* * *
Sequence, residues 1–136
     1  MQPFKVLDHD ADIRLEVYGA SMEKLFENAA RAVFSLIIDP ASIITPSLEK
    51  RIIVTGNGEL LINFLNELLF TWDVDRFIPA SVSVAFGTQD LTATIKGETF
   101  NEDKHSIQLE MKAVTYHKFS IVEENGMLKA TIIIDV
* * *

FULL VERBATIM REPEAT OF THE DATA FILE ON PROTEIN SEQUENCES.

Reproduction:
Sequence, residues 1–136
     1  MQPFKVLDHD ADIRLEVYGA SMEKLFENAA RAVFSLIIDP ASIITPSLEK
    51  RIIVTGNGEL LINFLNELLF TWDVDRFIPA SVSVAFGTQD LTATIKGETF
   101  NEDKHSIQLE MKAVTYHKFS IVEENGMLKA TIIIDV